Tiffany Huang (黃台芬), a partner with international law firm Baker & McKenzie, and head of its construction and power project practice groups in Taiwan, was quoted by the Taipei Times on the government’s 1GW requirement:
“From the renewable energy developer’s point of view, 1GW is not enough. Ten gigawatts will be released on the third round of the Offshore Wind Farm program alone.”
A recent Liberty Times (Taipei Times’ sister paper) editorial observed that even if the government reaches its carbon emissions goal of less than half of 2005 levels by 2050, per capita carbon emissions will still be 5.4 to 6 tonnes. The Paris climate agreement’s goal is 1 to 1.7 tonnes per capita by 2050, a figure many climate activists consider still much too high.
Decades of subsidies for electricity prices have led to all sorts of pernicious effects (though it seems ridiculous to identify these problems, petty in the face of policies that essentially involve boiling the ecosphere in the future in order to win elections in the present).
Smaller firms will struggle to implement renewable energy because of the large investments involved. Across Taiwan, especially in lower-income households, electrical appliances remain inefficient users of power. Consciousness of electricity use is practically non-existent except in the summer when electricity bills spike because of air conditioning. As someone who came of age in the American energy crisis of the late 70s, I am often shocked by the casual way that lights are left on.
As the government moves to increase renewables in the energy supply, resistance from consumers will only grow: electricity prices will have to go up, and consumers will blame renewables. That will make it easier for groups opposed to renewables — such as pro-nuke groups — to sell their ideas to the public.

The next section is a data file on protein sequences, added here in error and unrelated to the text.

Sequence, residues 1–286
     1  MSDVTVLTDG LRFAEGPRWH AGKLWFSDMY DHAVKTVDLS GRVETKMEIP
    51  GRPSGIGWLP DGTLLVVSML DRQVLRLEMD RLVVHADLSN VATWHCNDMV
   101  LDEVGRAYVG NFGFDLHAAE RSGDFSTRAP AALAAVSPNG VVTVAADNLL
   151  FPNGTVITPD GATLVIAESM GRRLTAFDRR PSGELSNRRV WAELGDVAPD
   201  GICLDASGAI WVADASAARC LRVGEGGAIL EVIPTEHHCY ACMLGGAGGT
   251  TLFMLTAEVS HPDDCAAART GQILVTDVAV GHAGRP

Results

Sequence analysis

Moreover, other subsidy regimes such as low water prices will also come under increasing pressure in the next decade. Wrenching changes in local lifestyles will occur in tandem with rising renewable energy inputs. That will not seem like a coincidence to consumers. Environmental protections and renewable energy installations will make easy whipping boys for groups opposed to the DPP and to progressive public policy.
IMMEDIATE ACTION NEEDED
Ironically, the DPP’s slow, tepid renewable energy policies will only lead to further slow renewable energy growth, coupled with threats to the DPP’s hold on power. With every signal from our environment screaming that the Earth is overheating, we need bold action now.
To decouple electricity prices from implementation of renewable energy, the government needs to start raising electricity prices yesterday. It needs to stop underestimating the public and start explaining that electricity prices will have to rise and why. Education is absolutely urgent and should have started a decade ago.
The government needs to initiate a subsidy program to hand out solar panels like Halloween candy. It also needs to change the building codes to mandate environmentally-sound, solarized infrastructure. That means that yet another longstanding subsidy regime, the proliferation of illegal rooftop structures, will probably have to go.
The government also needs to take the plunge and compel employers to raise wages to enable consumers to weather these changes. Impoverished citizens living from hand-to-mouth in low-wage jobs and rental housing have little motivation or ability to implement important lifestyle changes. The nation’s wage structure is a subsidy that has been allowed to persist far too long.
Taiwan is widely recognized as a world leader in COVID-19 policy. Commentators have viewed this success as an important win for Taiwan’s soft power.
Imagine how Taiwan would look as a nation completely free of fossil fuels and running on geothermal, solar, and wind.
More than just a win for Taiwan’s soft power, that would be a victory for all humankind.
Notes from Central Taiwan is a column written by long-term resident Michael Turton, who provides incisive commentary informed by three decades of living in and writing about his adoptive country.